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Cambridge Mayor Sumbul Siddiqui is prioritizing “community resiliency,” affordable housing, and education in her fourth run for a seat on Cambridge’s City Council.
Siddiqui was first elected to the Council in 2017 and has served three terms since. She was unanimously elected to serve as mayor for her second term on the Council in 2019 — becoming Massachusetts’ first Muslim mayor — and again in her third Council term in 2021.
When it comes to running for reelection this year, Siddiqui cited in an interview what she said is her love for working on broad policy issues and one-on-one with residents.
“I was a legal aid attorney, and it really wanted me to combine those two interests — applying public policy and constituent services and working one-on-one with people, and I think elected office is a great way to do that,” she said.
Siddiqui grew up in Cambridge after her family immigrated to the United States from Karachi, Pakistan, when she was two. She lived in Rindge Towers and Roosevelt Towers — two of Cambridge’s affordable housing developments — and graduated from Cambridge Rindge and Latin High School in 2006.
To pursue her passion for civic engagement further, Siddiqui earned her bachelor’s degree in public policy from Brown University and a law degree from Northwestern before returning to Cambridge to work as an attorney representing low-income residents at Northeast Legal Aid.
Siddiqui’s first term as mayor was mostly spent guiding Cambridge through the pandemic. During that term, Siddiqui helped forge an agreement to preserve more than 500 units of affordable housing at Fresh Pond Apartments.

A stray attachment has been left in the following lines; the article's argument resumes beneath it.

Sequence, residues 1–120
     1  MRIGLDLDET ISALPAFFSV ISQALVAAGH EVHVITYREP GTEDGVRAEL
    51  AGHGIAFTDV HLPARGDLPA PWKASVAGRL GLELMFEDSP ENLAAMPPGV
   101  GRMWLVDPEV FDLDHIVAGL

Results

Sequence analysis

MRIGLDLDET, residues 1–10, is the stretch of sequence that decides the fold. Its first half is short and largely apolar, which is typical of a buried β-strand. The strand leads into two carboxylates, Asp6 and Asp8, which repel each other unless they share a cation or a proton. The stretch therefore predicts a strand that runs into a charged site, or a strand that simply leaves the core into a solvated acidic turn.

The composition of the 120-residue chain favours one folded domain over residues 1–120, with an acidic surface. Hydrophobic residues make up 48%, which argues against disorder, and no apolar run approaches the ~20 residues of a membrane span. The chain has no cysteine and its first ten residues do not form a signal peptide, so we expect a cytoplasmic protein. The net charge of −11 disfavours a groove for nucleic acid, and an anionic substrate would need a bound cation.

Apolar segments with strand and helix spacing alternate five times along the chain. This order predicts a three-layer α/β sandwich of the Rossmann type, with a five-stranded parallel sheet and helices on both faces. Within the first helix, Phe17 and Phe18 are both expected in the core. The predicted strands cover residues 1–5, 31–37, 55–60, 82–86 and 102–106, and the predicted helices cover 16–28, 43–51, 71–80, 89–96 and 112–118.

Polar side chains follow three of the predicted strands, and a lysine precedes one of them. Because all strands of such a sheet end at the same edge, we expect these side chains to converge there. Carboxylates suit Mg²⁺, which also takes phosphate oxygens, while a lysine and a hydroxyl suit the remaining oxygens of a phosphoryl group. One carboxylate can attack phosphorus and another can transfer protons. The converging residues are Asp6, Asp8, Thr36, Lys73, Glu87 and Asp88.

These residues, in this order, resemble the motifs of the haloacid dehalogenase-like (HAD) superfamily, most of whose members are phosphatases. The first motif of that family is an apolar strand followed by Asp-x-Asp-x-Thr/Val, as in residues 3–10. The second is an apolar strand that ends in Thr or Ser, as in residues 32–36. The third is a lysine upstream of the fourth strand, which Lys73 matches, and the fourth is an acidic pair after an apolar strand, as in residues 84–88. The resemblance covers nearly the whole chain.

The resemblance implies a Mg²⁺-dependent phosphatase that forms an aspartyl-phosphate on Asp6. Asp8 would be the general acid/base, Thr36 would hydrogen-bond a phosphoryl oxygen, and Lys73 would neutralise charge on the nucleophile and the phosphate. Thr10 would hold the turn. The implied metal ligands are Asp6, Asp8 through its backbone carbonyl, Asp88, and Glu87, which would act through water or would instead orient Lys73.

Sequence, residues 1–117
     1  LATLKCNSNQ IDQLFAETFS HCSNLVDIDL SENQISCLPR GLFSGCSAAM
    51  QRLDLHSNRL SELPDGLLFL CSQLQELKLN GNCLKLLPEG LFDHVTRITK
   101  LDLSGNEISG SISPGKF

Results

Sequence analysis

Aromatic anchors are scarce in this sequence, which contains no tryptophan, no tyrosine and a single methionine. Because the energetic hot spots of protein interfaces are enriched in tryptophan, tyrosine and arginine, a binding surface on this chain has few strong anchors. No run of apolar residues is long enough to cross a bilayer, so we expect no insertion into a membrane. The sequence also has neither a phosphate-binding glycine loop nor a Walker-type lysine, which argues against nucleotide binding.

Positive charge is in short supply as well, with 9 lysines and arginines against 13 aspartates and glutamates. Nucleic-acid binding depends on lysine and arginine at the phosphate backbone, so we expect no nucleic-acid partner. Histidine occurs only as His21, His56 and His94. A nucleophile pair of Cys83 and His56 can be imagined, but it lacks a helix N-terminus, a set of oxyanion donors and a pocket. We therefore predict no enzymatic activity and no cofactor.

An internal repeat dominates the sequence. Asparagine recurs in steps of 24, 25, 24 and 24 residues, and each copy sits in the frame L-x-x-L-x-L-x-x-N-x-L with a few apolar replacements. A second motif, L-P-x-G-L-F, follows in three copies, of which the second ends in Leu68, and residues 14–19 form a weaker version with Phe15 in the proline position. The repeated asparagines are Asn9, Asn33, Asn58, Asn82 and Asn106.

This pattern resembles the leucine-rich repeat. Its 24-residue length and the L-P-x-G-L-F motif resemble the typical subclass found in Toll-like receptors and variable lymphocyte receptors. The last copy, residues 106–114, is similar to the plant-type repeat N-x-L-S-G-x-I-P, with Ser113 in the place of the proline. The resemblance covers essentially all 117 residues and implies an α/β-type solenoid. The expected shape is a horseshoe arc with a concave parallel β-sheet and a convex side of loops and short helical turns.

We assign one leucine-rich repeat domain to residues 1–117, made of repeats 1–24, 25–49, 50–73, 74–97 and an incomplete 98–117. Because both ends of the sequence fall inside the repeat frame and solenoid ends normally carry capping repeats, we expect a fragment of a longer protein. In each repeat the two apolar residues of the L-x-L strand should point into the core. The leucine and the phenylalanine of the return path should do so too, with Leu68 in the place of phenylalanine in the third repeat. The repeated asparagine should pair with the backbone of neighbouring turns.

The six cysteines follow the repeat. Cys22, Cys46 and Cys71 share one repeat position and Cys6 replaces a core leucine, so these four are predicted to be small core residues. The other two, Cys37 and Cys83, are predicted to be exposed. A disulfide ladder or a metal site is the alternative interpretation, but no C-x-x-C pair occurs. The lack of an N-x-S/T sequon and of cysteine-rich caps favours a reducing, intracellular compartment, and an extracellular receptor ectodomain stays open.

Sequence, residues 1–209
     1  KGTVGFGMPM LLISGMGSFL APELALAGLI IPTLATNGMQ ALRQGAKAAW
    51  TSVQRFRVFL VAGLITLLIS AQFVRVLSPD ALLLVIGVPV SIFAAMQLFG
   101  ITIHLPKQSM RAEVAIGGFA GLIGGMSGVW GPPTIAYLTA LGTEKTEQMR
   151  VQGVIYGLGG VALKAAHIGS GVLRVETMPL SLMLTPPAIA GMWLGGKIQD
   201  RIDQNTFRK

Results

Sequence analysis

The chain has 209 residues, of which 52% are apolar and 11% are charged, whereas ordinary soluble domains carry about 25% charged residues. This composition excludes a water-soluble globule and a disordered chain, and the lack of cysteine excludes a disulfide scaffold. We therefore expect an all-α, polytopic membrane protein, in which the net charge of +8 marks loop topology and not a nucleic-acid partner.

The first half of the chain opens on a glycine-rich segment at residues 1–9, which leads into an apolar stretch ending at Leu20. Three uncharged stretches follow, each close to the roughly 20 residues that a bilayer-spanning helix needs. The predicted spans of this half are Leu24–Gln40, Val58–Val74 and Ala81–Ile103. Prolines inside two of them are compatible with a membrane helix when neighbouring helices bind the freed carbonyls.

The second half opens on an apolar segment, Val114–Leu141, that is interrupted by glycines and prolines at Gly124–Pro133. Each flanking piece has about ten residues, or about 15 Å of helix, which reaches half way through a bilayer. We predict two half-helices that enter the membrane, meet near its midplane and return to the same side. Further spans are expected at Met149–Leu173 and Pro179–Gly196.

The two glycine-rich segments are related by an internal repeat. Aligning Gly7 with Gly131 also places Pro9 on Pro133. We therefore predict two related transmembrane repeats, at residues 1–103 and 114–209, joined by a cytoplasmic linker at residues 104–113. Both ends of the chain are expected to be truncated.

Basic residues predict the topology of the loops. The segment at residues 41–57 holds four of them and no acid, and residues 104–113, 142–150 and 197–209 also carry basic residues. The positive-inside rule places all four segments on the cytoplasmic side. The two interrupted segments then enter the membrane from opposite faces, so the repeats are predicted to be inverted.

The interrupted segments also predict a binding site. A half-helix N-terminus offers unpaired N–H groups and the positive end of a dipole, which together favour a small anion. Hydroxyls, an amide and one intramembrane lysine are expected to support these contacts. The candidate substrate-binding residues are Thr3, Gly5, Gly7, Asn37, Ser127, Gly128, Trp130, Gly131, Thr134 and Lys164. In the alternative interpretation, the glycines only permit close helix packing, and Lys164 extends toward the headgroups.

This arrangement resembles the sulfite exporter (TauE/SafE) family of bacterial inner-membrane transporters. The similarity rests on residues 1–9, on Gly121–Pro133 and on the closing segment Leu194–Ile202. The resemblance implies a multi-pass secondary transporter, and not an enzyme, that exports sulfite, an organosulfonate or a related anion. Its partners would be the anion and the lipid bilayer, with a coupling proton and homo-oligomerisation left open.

She also established a guaranteed income pilot program, which gave eligible, low-income families $500, no-strings-attached monthly payments for 18 months. The pilot program became a full-fledged program in 2023 with the launch of Rise Up Cambridge during her second term as mayor.
The start of 2023 was challenging for Siddiqui, she said, given the police killing of Sayed Faisal, a University of Massachusetts Boston student, in January. Several protests erupted throughout the city in the months following, interrupting multiple Council meetings. Protests continue to this day.
“That’s been the most challenging situation to navigate through because the Council only has purview over certain things,” she said. “The fact is they’re looking for justice, but there’s really no justice in this.”
Siddiqui also said some of her accomplishments during her second term were the launch of Cambridge Promise, a pilot program that would fund free community college for Bunker Hill students, and the formation of a committee to work towards offering universal pre-K in Cambridge.
Universal pre-K will be offered to all four-year-old Cambridge residents at Cambridge Public Schools beginning in the 2024-25 school year.
Siddiqui has been endorsed by the Greater Boston Labor Council and A Better Cambridge — a local affordable housing advocacy group.
This election cycle, Siddiqui said she wants to work on all of the major issues concerning Cambridge, “whether it’s climate change, whether that’s universal pre-K, after school, education-related matters.”
“I also want to continue to just provide constituent services as far as affordable housing,” she added.
Siddiqui will face at least 17 challengers —including her current director of constituent services — and five of her current Council colleagues on Nov. 7.
—Staff writer Jina H. Choe can be reached at email@example.com.
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